Last year, I told my wife that I’d be happy if ten people would read my book Start Something Good. As the writing process came to an end, I had meager expectations for this passion project of mine.
So imagine the surprise when the book debuted at the #2 spot on the Amazon charts.
We competed against professional journalists. The book vied against bestsellers written by the powerful and famous.
I’m a first time author. I had no marketing budget. The book featured stories about ordinary people doing extraordinary things to make the world a better place.
How ON EARTH did this HAPPEN?
This was no accident. It took a dedicated team driven by purpose that believed impossible is what they won’t do.
Here’s the breakdown of how a small side project became a bestseller so you can learn how to share your vital story with the world.
I always hyped my book from the start, even when it was merely a series of sticky notes in my notebook.
At first, sharing my book idea with friends and family fostered a sense of conviction, ensuring I would complete the project. Nothing helps a long project drive towards completion like the social anxiety of explaining why something did not happen. I spoke about Start Something Good from the get-go and insisted my social network held me accountable for finishing the damn thing. And in the process, I unwittingly formed a community around the book.
The narrative of Start Something Good focuses on how my life trajectory intersected with change-makers who strove to create a better and more just world. By writing about philanthropic leaders, the book’s de facto had a sense of community before any formal marketing began. Over 100 people are featured in the book. Each were sent snippets to review so they could validate the accuracy of my recollections of their stories. Most responded enthusiastically. A minority responded with caution, as the book is candid and emotionally raw about failures that occur as a startup nonprofit grows. Regardless of the opinion, a community around the material fomented.
As the book launch drew near, I asked the aforementioned people to formally join my book launch team. This team was comprised of a group of people committed to spreading the word about Start Something Good. I kept the team apprised on the progress of publishing the book, live events about the book, setbacks during the publishing process, and also sent them early versions for their honest feedback. When the first Amazon reviews came back far better than I had expected, the book magically shot up to #14 on the charts. During our soft release. I knew our team had a shot at going #1.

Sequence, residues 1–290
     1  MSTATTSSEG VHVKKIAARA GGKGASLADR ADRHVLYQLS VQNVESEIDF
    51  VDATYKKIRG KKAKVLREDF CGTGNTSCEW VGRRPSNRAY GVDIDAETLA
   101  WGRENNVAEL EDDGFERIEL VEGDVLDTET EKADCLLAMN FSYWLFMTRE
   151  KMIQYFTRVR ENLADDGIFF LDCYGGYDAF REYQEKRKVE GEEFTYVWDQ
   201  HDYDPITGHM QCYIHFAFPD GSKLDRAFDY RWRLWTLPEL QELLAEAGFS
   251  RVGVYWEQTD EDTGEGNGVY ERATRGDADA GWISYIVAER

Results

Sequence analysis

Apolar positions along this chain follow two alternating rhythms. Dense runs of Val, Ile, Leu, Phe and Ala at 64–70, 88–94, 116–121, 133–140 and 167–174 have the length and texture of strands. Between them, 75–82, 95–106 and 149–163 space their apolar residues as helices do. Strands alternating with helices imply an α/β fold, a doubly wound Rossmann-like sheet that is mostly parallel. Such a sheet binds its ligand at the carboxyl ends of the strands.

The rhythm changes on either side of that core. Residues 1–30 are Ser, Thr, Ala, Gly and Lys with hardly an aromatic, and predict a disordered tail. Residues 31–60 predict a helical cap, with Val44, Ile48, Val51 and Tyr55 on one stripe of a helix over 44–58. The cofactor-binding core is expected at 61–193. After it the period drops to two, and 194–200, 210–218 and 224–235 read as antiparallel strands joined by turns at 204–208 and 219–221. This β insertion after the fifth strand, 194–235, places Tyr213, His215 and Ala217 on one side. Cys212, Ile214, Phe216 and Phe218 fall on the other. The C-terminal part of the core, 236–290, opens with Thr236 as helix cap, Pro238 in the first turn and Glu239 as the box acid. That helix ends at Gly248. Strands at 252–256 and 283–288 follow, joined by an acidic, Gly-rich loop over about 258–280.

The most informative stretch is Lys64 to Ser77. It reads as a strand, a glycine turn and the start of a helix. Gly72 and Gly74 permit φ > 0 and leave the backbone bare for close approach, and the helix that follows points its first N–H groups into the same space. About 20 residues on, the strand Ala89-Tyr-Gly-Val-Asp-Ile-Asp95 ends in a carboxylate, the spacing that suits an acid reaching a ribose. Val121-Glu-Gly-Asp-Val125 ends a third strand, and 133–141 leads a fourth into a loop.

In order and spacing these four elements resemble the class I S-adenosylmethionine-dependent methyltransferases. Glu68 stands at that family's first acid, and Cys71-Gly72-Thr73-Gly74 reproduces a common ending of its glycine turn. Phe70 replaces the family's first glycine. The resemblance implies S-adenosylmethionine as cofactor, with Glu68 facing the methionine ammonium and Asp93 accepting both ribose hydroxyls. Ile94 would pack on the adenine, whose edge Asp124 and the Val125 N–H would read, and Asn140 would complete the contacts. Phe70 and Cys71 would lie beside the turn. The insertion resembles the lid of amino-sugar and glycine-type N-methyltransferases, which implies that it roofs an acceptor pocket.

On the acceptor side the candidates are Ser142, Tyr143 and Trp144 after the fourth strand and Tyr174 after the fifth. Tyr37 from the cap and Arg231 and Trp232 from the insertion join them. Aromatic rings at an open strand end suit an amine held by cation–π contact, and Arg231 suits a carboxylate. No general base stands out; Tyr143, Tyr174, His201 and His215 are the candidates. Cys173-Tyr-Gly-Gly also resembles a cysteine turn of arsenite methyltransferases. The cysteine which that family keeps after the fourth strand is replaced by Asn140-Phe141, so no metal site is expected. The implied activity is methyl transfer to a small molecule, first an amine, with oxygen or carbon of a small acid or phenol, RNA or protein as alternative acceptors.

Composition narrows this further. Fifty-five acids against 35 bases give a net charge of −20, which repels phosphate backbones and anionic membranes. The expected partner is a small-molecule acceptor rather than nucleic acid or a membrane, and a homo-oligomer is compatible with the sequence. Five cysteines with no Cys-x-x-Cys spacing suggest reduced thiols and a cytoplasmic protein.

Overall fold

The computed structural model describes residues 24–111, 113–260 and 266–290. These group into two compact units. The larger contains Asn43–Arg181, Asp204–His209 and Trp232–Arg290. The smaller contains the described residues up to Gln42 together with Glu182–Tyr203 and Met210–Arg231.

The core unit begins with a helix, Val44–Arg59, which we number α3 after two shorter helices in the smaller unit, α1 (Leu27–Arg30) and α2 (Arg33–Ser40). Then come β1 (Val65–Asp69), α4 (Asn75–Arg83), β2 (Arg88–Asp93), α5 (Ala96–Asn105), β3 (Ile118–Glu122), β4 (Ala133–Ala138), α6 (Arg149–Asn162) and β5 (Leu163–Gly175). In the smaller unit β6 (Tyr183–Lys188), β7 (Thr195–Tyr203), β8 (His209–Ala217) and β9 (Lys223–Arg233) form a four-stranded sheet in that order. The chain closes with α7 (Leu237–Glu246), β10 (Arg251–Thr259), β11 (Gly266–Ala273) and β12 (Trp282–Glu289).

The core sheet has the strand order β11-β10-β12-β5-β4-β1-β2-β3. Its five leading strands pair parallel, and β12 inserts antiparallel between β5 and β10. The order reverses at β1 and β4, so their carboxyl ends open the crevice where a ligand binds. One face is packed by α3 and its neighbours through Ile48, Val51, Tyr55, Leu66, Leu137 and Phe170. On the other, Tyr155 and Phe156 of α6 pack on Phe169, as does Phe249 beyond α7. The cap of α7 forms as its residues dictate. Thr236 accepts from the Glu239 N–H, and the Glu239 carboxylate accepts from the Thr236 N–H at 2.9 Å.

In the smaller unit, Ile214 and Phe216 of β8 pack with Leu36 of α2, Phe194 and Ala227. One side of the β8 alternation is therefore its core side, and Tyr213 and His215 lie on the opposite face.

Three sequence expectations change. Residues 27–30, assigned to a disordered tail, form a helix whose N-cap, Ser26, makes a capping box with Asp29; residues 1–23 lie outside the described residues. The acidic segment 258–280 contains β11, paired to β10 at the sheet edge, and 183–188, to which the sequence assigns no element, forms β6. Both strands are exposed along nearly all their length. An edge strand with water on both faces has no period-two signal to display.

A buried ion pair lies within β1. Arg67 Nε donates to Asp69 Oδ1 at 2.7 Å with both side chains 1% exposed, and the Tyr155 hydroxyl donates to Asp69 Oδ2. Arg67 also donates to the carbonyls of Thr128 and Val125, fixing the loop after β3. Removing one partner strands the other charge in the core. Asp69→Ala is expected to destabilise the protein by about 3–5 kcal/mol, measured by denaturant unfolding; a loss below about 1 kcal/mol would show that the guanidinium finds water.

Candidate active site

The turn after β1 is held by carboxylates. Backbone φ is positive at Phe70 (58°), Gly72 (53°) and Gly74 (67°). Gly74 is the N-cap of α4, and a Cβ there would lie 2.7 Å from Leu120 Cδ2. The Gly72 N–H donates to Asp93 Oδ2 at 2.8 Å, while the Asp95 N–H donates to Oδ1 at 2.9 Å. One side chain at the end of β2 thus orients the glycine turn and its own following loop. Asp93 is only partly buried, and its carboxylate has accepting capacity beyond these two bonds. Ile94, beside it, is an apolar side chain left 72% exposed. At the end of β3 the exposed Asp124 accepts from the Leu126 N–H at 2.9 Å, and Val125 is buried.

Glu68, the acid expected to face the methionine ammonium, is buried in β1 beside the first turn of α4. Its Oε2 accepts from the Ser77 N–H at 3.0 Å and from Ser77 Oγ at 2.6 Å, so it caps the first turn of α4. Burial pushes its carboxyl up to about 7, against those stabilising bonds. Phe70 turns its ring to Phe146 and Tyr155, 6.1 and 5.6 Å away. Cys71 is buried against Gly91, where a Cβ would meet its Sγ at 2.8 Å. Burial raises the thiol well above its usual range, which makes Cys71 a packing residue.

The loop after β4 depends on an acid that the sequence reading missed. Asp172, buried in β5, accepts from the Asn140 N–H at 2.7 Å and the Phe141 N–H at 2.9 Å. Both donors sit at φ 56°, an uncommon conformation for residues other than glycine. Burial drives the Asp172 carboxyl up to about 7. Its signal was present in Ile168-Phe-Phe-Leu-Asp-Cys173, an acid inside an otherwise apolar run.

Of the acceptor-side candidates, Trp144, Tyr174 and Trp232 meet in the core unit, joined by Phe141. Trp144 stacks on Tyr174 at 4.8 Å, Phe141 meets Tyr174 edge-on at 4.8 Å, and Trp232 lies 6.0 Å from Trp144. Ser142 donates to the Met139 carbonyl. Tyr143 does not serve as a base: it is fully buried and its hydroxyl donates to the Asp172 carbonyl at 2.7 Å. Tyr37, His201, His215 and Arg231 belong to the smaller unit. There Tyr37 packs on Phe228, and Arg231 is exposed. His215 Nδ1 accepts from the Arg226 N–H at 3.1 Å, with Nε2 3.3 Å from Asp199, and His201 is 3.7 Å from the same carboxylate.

I’m not a natural extrovert so talking about myself does not come naturally. But as my amazing editor David Hopkins at Creative Expansion constantly reminded me, a book launch demands that you be persistently vocal about your work. You have to market both yourself and the material to sell copies.
You’re in sales, get over it.
What was my trick to mitigate this blocker rooted in my social anxiety? I decided to give all proceeds to charity. Since the book is about social entrepreneurs helping their communities, it seemed natural that my work would support their efforts. This shifted the book’s purpose from being “about me” to being “about us”. The book received a wider purpose which empowered me to speak up. Every. Single. Day.
With a book launch team of 50 people armed with a purpose and pre-written social media messages , we got ready for game day.
Sunday May 5th.
No other books launched that weekend in our category so our team stood ready for action. We still needed a hook, a sense of urgency. I spoke to Gabriel Romero, the SVP of Marketing at AllCloud who has experience in best-sellers to figure this out. He explained that I needed to offer a low price that would only be valid for the first 250 copies. We struck a balance to find the right price to gain attention while not forgetting proceeds went to charity. We made this plan clear to our launch team as we geared up May 5th. Altogether, we prepped our networks that Sunday 05/05 would the BEST day to buy the book.
As momentum for Super Sunday surged, our motley team got dealt a few ace cards. Two companies and a university confirmed they would be ready to buy copies in bulk. Those high volume buys happened on launch day and paved a path for our entire team as we stormed up the charts. These opportunities arose through my launch team and I’m proud to announce that the book will be taught at USC this fall semester to future social entrepreneurs! And many thanks to all the AllClouder and Salesforcers for this support.
In the end, around 25,000 people received notification of the Super Sunday launch. My email, social media channels, and texts went off the hook. I made sure to respond to everyone for anything they did to help with this effort.
Thank you, from the bottom of my heart. I wrote this book to show the power of everyday people doing what they can to make the world a better place. You showed me the power of sharing that message.
Now, it’s time to share the impact.